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Brother Beebe: Will you favor me with your views on Rev. iii. 20, “Behold, I stand at the door and knock: if any man hear my voice, and open the door, I will come in to him, and will sup with him and he with me.” I heard a Missionary Baptist use this for a text; he said God was knocking at the heart of sinners, and waiting for them to open to him. But I do not so understand the subject; yet I am somewhat perplexed on the subject, and hope to hear from you on the subject.


Reply: This appeal was made, according to the vision of John, not to unconverted or unregenerated sinners, nor is there any appeal of the kind made to them in the Scriptures; but it was directed to the Angel of the Church of the Laodiceans, when she was represented as being in a lukewarm state, neither cold nor hot, and as an evidence of God’s special love and faithfulness to her, this message of rebuke and exhortation was sent. The language is very appropriate to a Church in a lukewarm state, but totally inapplicable to those who neither possess nor profess the religion of our Lord Jesus Christ. The ungodly are not charged with lukewarmness, or inactivity; but they are compared to the troubled sea which cannot rest, which continually casts up mire and dirt. They are “Cursed children, which cannot cease to Sin.” And their feet are swift to shed blood, and misery and destruction are in all their ways, and the way of peace they have not known. But the Church, as represented in this Laodicean state, presents a condition somewhat like that described in the Songs, v. 2-3. Drowsy and stupid and inactive, and when aroused by the voice of her beloved, knocking at the door, she says, “I sleep: but my heart awaketh: it is the voice of my beloved that knocketh, saying, Open to me, my sister, my love, my dove, my undefiled: for my head is filled with dew, and my locks with the drops of the night.” How can such language as this apply to the ungodly? Are they the Lord’s undefiled, his sister, his love, and his dove? He discriminates, and says, “There are three score queens, and four score concubines; my dove, my undefiled is but one: she is the only one of her mother she is the choice one of her that bare her the daughters saw her, and blessed her yea, the queens and the concubines, and they praised her.” Songs vi. 8-9. The spouse of Christ, in the Songs, and the Church addressed in our text, are the same; and, in both instances, represented as being in an inactive and sluggish condition. Hence, the same figurative language substantially is applied in both cases. In our text, the Beloved saith, “Behold, I stand at the door and knock: if any man hear my voice,” etc.; showing that it is with his voice that he knocks, or gives the signal. The church responding to the call, confesses her drowsy condition: “I sleep, but my heart waketh.” But sleepy and stupid as she feels, she at once recognizes the knocking, it is not the signal of a stranger, a robber or an enemy. “It is the voice of my beloved that knocketh: I have heard that voice before, it is a familiar sound, I know it well: for it is the voice of my beloved;” and his language awakes my heart. He stands not at the door of graceless sinner’s hearts, but at the door of his Church; he calls not to aliens or strangers, but to his sister, his spouse, his love, his dove, his undefiled. This call is not to woo and win her to be his spouse, but he calls her because she is his spouse, the relationship is already complete. The voice that knocketh at the door of the slumbering Church is the same voice which once shook the earth, but now once more shaketh not the earth only, but also heaven; it is the voice of the Lord God, which Adam and Eve heard in the garden, in the cool of the day; the voice which said to Abraham, “Lay not thine hand upon the lad;” which divided the sea and made bare the channels of the deep, which caused the mountains to skip like rams, and the hills like lambs. This voice said unto Isaiah, “Cry, all flesh is grass, and all the glory of man, as the flower of grass.” The same of which the spouse sang, “The voice of my beloved; behold he cometh, skipping upon the mountains, leaping upon the hills.” This is the voice which the dead shall hear, “and they that hear shall live.” “My sheep” saith Jesus, “hear my voice; I know them and they follow me, and I give to them eternal life, and they shall never perish, neither shall any pluck them out of my hand. But a stranger will they not follow, for they know not the voice of strangers.” This voice is heard by the church in admonition, as well as in comfort, and when he speaks in solemn admonition to the saints, as in our text, as also in the context, Songs v.2, and Heb. xii. “See that ye refuse not him that speaketh; for if they escaped not who refused him that spake on earth, much more shall not we escape, if we refuse him that speaketh from heaven; whose voice then shook the earth; but now he hath promised saying, yet once more I shake not the earth only, but also heaven; and this word, yet once more, signifieth the removing of those things that are shaken, as of things that are made, that those things which cannot be shaken may remain.” Heb. xii. 25-27. This voice came out of the cloud at the transfiguration on the mount, and from heaven at the baptism of Christ in Jordan saying, “This is my beloved Son, hear ye him.” And whenever the church or spouse of Christ falls into a state requiring rebuke or admonition, this voice of her beloved knocketh at the door, saying, “Rise up my sister, my love, my dove, my fair one, and come away.” If any man hear my voice. The dead have no ability to hear - until that ability is given them. Christ has power to quicken and make the dead hear and live; even as he made the dead Lazarus hear and obey when he called him from the sepulchre; but Lazarus had no power to hear until Christ displayed his quickening power to raise the dead. Then if any man hears the voice, it is an evidence that Christ has given him life. But to hear in the sense of our text implies obedience; as Moses said, “A prophet like unto me shall the Lord raise up unto you, and him shall ye hear in all things.” Jesus said, “He that heareth these sayings of mine, and doeth them, is like to the man who built his house upon a rock.” God’s people show that they hear when they obey. So in the figure of our text, if any man hear the admonition of Christ, he is represented as rising like the spouse to open to her beloved. And, he that hath an ear, let him hear what the spirit saith to the churches. To open the door implies the removing of that which obstructs the passage. The beloved, in this figure, is outside the door, and knocking. The bride is within and slumbering. Some thing seems to obstruct the entrance. The Lord said to Israel, “Your sins have separated between thee and me.” So the church, in her luke-warm state, was neither cold nor hot, and the spouse in the song was neither fully awake, nor entirely asleep. She says, “I sleep, but my heart waketh;” and like one roused by a knocking at the door; sufficiently aroused to recognize the voice of her husband, but not sufficiently awake to fully appreciate his return, in her sluggish hesitancy, she mutters, “I have put off my coat, how shall I put it on; I have washed my feet, and prepared for a comfortable nap; how shall I defile them.” Or, as described in our context, she has become so unconscious of her true condition that she begins to dream that she is rich and increased in goods, and has need of nothing. When the eyes of God’s children are anointed with eye-salve, they feel their need of Christ, and are poor, and naked, and miserable, until they can find him whom their soul loveth; nor can they truly feel rich without that treasure which he alone can impart to them. The opening of the door, in the figure, seems to imply reformation, laying aside their idols, rising from their vain dreams, and becoming actively and heartily engaged in the order and ordinances of the house of God; observing all things whatsoever Christ has commanded them; and in this they have communion with him; they are brought thus into the banqueting house, and his banner over them is love. He sups with them,and they with him. He spreads their table with his bounties, in the presence of their enemies; he anoints their head, and their cup runs over. He says to her, “I am come into my garden, my sister, my spouse; I have gathered my myrrh with my spice; I have eaten my honeycomb with my honey; I have drunk my wine with my milk: eat, O friends; drink, yea, drink abundantly, O beloved.”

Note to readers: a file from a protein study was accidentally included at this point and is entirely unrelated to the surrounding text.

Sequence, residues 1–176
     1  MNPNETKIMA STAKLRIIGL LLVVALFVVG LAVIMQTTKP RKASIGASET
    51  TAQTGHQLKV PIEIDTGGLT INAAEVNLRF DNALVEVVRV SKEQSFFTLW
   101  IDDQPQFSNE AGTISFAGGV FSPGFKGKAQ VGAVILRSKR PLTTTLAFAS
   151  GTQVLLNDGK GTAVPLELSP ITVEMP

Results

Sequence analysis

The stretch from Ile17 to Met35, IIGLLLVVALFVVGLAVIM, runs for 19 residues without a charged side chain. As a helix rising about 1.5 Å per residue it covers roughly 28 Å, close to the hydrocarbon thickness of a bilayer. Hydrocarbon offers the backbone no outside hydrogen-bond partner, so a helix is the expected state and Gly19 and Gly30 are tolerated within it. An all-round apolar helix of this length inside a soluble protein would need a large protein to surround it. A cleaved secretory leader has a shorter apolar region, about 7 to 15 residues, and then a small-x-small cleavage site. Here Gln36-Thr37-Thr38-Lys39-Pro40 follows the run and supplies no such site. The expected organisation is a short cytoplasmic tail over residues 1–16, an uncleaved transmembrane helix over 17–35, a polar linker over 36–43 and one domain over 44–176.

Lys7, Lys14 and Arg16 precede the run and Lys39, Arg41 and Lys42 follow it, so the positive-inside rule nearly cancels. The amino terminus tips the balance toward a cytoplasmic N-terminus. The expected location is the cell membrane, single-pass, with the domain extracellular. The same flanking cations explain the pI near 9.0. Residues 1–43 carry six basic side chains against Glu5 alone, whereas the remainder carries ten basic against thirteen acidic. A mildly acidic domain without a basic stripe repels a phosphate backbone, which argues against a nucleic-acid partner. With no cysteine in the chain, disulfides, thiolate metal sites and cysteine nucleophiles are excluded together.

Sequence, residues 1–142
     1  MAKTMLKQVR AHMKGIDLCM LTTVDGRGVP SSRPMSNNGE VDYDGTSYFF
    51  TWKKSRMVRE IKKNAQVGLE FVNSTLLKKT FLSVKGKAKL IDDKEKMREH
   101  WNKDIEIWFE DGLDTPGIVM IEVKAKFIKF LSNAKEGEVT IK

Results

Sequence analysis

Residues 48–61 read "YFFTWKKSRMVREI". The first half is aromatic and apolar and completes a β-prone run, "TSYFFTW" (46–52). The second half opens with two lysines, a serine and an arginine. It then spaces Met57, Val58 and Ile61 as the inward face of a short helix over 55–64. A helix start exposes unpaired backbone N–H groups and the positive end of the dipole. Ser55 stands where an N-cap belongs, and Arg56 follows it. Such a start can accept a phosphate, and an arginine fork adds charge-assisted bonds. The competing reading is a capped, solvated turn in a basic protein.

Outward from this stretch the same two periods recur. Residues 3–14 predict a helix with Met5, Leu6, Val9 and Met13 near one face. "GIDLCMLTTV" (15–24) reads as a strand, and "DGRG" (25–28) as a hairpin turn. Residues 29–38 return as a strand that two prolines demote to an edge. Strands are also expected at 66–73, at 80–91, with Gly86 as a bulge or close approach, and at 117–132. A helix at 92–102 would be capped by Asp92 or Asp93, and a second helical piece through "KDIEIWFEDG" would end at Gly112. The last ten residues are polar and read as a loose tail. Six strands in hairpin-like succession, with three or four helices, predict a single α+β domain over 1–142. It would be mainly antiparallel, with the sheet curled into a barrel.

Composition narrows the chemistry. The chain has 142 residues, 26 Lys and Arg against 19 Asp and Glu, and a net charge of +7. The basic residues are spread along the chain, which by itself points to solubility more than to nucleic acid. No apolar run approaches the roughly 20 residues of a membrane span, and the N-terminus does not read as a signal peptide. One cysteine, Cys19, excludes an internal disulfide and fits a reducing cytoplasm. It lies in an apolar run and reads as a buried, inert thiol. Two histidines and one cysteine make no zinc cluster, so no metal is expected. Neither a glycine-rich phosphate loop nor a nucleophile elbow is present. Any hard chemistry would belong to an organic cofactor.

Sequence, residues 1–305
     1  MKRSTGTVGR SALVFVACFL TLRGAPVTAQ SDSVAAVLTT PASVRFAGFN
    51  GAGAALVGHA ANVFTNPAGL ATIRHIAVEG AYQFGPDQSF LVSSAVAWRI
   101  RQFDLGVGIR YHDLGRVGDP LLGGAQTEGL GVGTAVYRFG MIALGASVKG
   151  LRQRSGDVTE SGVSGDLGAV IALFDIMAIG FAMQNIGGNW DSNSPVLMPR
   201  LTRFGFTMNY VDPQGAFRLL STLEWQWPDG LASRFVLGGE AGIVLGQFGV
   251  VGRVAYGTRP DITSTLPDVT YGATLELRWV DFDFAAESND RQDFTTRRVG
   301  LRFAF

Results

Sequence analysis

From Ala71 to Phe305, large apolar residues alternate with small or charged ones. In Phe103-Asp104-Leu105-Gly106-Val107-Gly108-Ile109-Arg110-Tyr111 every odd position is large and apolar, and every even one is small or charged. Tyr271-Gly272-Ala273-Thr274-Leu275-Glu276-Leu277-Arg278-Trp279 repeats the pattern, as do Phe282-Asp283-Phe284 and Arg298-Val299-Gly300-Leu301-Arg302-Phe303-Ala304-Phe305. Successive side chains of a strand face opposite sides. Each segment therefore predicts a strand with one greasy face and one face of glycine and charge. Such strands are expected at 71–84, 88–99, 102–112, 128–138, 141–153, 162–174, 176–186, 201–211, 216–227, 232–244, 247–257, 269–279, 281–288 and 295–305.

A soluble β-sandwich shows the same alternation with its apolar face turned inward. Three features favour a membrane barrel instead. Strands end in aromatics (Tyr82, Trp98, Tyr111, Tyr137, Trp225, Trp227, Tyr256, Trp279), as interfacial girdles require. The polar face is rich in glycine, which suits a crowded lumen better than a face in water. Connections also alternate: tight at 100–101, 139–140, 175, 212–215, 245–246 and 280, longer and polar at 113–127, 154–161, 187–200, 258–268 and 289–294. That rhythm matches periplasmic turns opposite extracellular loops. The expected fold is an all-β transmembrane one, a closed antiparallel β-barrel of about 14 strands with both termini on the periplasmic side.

Middletown, N. Y.
June 1, 1861

Elder Gilbert Beebe
Editorials Volume 4
Pages 502 - 506